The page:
|Processor Model||FX 4300||FX 6300||FX 8320||FX 8350||Core i3 3220||Core i5 3550P||Core i5-3570K||Core i7 3770|
|No. of cores (HT)||4||6||8||8||2 (4)||4||4||4 (8)|
|Clockspeed (turbo)||3.8GHz||3.5GHz||3.5GHz||4GHz||3.3GHz||3.1GHz (3.5)||3.4GHz (3.8)||3.4GHz (3.9)|
The Intel processors were chosen base on pricing and not performance per-se. Note that the i5-3550P does not include integrated graphics.
Another interesting match up is the comparison between AMD's next generation Vishera processors and its current generation Zambezi Bulldozer CPUs.
The FX 4300 cache number seems like the only oddity, but is based on leaked information above.
Assuming that the leaked pricing ends up being accurate, AMD has put itself in an odd position with Vishera. Across the board, the Piledriver-based chips are notably more expensive than the Bulldozer predecessors. The next generation chips are offering up higher clockspeeds – and in some cases – lower TDPs. On the other hand, they are coming in at a premium, and AMD is already facing stiff competition from Intel’s Ivy Bridge and Sandy Bridge processors.
AMD will really have to bring the promised performance improvements in order to move its Vishera chips at these prices. Performance is key, and unfortunately that's one aspect of Piledriver that we don't yet know beyond AMD's claims. Personally, I'm hopeful that they will deliver on the claimed efficiency tweaks and that Vishera will be a success. At the very least, it should offer a nice upgrade for owners of AM3+ motherboards.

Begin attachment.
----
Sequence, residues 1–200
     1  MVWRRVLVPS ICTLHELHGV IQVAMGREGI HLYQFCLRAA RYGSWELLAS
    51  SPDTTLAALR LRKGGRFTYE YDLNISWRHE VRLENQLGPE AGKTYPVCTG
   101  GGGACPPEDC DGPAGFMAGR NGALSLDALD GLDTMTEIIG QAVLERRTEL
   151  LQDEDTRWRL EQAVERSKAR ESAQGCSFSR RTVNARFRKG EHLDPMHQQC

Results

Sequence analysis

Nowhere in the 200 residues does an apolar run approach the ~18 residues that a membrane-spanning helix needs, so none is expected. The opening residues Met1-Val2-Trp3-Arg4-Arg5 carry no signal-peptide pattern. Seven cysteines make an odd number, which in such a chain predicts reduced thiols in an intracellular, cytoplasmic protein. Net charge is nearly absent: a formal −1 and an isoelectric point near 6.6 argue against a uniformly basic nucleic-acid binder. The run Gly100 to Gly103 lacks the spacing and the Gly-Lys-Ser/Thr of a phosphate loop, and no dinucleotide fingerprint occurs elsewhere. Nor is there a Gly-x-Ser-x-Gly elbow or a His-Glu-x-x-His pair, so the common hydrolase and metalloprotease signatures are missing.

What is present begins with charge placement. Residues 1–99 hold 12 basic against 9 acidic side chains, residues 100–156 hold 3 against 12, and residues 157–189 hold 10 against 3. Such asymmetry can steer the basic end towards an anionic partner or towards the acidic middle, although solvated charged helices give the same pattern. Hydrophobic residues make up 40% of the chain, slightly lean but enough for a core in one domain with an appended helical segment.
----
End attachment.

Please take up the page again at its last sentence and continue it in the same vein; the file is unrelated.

After the Trinity launch, we should have more information on the the level of CPU performance we can expect from Piledriver. Keep an eye on PC Perspective for more information on Vishera and the Piledriver architecture in general as it comes in!
Read more about AMD's Piledriver microarchitecture.
Subject: Processors | September 27, 2012 - 07:53 PM | Jeremy Hellstrom
Tagged: trinity, preview, papermaster launch, disappoint, amd, A10 5800K
By now you have probably realized that there is some commotion surrounding AMD's preview of their new Trinity chips. As you can see below, many sites chose to post this preview as it is new information, regardless of the limits that AMD required reviewers to submit to. Before you woke up this morning you did not have the knowledge you do now about Trinity's power consumption and gaming performance, for example Legit Reviews results, and on the 2nd you will get the rest of the results, which is not too far off in the future.